There is a song called Red City on the new Stone Sour release, House Of Gold and Bones II. In the story line, our hero is in the clutches of the bad guys and the song Red City marks the beginning of the end for the main character. If the Entertainment Industries and their stooges get their way, it is the beginning of the end for the Internet and the opportunities it gives to creators.

Sort of like the lyrics in the new Black Sabbath song, End of The Beginning that states “rewind the future to the past”. That is what the Entertainment industries want. The past to return. That is the future they want.

Look at the recent behaviour of the one they call Prince. Even the Electronic Frontiers Foundation has inducted Prince into its “Takedown Hall of Shame”. To sum up, Prince has issued DMCA takedowns on six second clips of a Prince concert, on fan recorded concert videos of him covering Creep from Radiohead (which by the way he doesn’t even own the rights to the song), threatening to sue people for thinking of doing a tribute album to him and a takedown of YouTube video of a toddler dancing to a Prince song (which is in the Courts at the moment).

The reason why I am mentioning Prince is to show people what a misguided artist he has become. The labels send millions of DMCA takedowns each day and in a lot of cases they censor free speech under a copyright claim. They have even taken down their own websites. Universal Music Group even took down Black Sabbath’s God Is Dead YouTube stream from the Black Sabbath YouTube page.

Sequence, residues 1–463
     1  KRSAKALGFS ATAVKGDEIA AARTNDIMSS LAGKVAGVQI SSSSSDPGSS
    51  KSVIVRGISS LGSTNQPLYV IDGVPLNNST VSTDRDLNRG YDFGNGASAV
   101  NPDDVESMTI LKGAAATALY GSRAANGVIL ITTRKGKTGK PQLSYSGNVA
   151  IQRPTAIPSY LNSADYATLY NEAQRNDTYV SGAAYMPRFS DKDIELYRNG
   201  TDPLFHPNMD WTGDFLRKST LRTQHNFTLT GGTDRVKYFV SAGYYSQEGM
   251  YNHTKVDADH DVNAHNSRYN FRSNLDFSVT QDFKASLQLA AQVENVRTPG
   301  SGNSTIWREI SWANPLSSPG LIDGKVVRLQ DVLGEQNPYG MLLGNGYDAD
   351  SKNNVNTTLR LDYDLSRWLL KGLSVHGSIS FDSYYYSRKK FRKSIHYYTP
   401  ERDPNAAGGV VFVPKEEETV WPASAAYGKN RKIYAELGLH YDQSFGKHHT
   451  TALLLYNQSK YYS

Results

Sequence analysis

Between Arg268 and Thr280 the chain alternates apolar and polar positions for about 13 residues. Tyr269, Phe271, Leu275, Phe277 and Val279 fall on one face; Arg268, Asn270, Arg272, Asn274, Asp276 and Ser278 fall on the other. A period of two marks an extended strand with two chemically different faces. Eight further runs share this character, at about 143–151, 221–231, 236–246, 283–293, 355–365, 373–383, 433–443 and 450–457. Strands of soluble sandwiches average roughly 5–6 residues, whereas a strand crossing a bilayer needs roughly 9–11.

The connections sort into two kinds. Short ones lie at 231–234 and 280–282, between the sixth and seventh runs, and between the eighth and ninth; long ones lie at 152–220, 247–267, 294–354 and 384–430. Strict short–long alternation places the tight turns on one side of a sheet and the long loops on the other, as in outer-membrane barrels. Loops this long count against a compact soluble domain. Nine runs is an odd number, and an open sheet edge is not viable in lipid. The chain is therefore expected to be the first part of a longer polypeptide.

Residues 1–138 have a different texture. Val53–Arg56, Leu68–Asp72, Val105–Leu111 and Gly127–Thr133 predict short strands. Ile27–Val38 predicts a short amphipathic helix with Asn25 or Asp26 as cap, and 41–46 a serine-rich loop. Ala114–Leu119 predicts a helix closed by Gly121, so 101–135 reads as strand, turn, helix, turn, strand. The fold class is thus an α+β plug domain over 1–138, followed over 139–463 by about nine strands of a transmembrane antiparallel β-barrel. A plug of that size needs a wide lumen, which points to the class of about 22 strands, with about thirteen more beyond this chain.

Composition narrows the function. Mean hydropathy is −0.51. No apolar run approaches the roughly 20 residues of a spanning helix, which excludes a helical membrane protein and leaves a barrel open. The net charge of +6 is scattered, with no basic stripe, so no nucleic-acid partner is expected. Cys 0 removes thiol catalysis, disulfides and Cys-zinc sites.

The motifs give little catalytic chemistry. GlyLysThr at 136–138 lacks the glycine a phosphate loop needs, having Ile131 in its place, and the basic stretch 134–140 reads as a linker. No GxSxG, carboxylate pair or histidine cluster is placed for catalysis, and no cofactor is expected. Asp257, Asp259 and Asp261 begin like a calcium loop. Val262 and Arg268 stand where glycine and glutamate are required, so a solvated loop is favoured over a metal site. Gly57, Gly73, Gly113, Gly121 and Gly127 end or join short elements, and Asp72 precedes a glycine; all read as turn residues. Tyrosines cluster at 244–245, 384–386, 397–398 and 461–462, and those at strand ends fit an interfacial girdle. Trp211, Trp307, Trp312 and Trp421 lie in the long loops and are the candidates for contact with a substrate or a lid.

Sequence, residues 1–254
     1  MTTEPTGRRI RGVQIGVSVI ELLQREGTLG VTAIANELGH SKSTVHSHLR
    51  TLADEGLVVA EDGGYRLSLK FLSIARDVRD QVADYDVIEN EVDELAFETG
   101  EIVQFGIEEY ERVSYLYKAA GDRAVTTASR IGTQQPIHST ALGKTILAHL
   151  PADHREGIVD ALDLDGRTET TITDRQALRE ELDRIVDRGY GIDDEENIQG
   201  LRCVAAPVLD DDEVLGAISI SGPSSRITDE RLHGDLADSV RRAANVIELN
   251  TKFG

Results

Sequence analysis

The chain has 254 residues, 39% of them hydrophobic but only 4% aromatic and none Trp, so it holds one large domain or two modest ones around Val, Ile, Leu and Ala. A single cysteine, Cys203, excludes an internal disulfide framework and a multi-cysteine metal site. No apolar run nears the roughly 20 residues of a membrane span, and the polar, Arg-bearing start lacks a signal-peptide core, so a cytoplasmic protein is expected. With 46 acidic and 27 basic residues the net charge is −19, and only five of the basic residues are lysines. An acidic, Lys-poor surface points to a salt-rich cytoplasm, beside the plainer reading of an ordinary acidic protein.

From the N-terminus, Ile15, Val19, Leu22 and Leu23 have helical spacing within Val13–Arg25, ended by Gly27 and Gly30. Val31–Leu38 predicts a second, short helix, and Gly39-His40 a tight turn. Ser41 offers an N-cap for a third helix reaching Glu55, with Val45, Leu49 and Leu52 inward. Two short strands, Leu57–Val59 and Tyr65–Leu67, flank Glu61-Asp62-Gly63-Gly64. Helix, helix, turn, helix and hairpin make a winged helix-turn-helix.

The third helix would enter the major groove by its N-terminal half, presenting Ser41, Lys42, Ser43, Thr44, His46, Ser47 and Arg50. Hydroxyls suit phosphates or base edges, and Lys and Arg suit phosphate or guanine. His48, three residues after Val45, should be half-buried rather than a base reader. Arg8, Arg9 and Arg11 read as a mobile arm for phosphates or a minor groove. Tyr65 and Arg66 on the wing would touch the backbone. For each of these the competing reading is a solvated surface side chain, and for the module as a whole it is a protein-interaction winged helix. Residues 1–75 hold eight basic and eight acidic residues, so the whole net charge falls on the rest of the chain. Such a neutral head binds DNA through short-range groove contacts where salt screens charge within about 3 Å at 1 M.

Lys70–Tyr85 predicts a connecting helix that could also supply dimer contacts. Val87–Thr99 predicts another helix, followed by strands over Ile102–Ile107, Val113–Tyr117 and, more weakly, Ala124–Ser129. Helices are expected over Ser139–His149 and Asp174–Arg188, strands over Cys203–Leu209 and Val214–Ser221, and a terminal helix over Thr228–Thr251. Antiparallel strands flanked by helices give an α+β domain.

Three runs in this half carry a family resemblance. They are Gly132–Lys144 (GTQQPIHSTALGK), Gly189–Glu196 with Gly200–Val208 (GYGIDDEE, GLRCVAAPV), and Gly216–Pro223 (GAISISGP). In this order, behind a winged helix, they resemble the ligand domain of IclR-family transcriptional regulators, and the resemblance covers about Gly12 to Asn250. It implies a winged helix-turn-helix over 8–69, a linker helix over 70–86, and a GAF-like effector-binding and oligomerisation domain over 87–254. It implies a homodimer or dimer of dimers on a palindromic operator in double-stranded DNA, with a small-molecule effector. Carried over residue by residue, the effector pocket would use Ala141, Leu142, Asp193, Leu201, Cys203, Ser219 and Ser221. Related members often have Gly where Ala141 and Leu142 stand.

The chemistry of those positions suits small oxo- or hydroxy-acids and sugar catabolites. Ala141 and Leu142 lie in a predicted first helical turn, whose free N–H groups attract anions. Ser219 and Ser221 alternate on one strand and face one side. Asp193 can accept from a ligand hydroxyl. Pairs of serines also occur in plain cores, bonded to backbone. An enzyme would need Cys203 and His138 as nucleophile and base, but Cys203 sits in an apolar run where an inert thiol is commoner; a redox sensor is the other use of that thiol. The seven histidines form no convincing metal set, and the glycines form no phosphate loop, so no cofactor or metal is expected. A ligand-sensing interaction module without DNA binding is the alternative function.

When is the Recording industry and people like Prince going to stop complaining? When are they going to stop lamenting the passage of the good old days? When are they going to stop blaming the technologists and the fans for ruining their business models. There is a reason why Indie labels have claimed a large slice of music sales this year than the three majors. It’s because they are working on the outside, digging deep and finding those real stars, the real golden nuggets.

Music used to be cutting edge and it used to drive the conversation and the culture. These days music is just another consumable, ready to be consumed like milk. Musicians like Prince, Jon Bon Jovi, Jay Z and so forth are trying to get in bed with the Fortune 500. Where is it written that musicians must be rich? You create quality that resonates and connects, then you will be a star.